Before starting the heater installation process, shut off all power and gas supplies connected to your old heater. Then, following the manufacturer’s instructions, install a new tee, sediment trap, and gas shut-off valve. Professionals like Comfort Pro’s Heat and Air can make the process faster and more efficient.
Mount the heater to the wall by screwing two mounting clips into the top anchor locations (Fig. 3).
Electric heaters are very efficient at producing heat. That is because they use a small amount of electricity to create great heat energy. However, it is important to remember that they can only generate heat energy if consumed. That is why they are considered 100% efficient; if you put a heater in your home and run it at full capacity, it will still only produce as much heat as the electrical power it takes to run.
You should always connect your new electric heater to its dedicated circuit. That will prevent the other electrical appliances in your house from tripping and interrupting your heating and help protect you and your family from fires or shocks. You can do this if the existing service panel has enough space to fit an extra heater (see ‘Service Panel Size’ above for more information on what to look for). Still, having a licensed electrician wire it for you is generally best.
Follow the manufacturer’s wiring diagram and guidelines to ensure you use the correct cable, circuit breaker, and plug for your heater. Most manufacturers recommend a TYPE C MCB or RCBO (20 or 32A) to avoid nuisance tripping at start-up. Remember that all heaters rely on a natural draft to draw combustion fumes up and out of the flue. If this does not work correctly, they can spill carbon monoxide into your living space.
It’s important to connect plumbing pipes so water can flow in and out of your heater. Your plumber will ensure they are sized correctly for your home’s needs. They will also install shut-off valves before and after the heater to allow you to turn off the water to your heater for maintenance without turning off the entire water supply to your house.
First, your professional will drain your old tank. That will attach a hose to the drainage valve and run it out to a drain or a hose connected to a garden hose outside. Then, HVAC pros remove the old tank and lift it out with a helper or dolly. Next, they’ll click the new tank. They’ll use copper tubing and Teflon tape to make the connections. They’ll also connect the drain valve and a sediment trap. Finally, they’ll put the vent hood over the flue area of the new heater.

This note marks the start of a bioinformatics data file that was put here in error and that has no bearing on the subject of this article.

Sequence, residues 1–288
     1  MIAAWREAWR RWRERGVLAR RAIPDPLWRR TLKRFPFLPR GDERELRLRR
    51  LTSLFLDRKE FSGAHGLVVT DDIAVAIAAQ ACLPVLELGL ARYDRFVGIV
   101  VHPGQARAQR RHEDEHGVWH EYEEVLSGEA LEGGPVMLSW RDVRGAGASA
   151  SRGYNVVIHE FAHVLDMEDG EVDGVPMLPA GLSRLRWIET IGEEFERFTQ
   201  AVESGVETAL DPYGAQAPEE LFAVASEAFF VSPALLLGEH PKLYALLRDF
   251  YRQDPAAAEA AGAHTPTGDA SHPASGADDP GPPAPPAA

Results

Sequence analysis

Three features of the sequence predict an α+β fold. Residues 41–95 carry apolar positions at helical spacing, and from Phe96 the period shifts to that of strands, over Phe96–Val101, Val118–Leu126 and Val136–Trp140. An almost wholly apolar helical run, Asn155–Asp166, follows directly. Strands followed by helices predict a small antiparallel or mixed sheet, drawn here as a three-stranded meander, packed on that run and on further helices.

The next step is ensuring the gas line is connected properly to the heater. If it isn’t, the gas line could explode. Professionals use a black pipe and threaded gas line to continue the connection from the tee to the new tank location. They’ll install a new sediment trap and gas shut-off valve per manufacturer instructions.
Finally, your plumbing professional will install hot and cold water lines. They’ll ensure they are sized correctly and have a proper slope. They’ll also install the temperature and pressure relief valve (T&P). If your T&P isn’t sized correctly, it can freeze and pop out of its opening, which could cause minerals to build up inside the tank.
In addition to these basic installation steps, a reputable plumber will get a city permit and schedule a follow-up inspection. They’ll also ensure your heater is sized correctly, crucial to your family’s comfort and energy efficiency. They’ll also ensure all the work is up to code, which is often difficult to determine until the final inspection. If you want to install a new heater, contact a local professional today.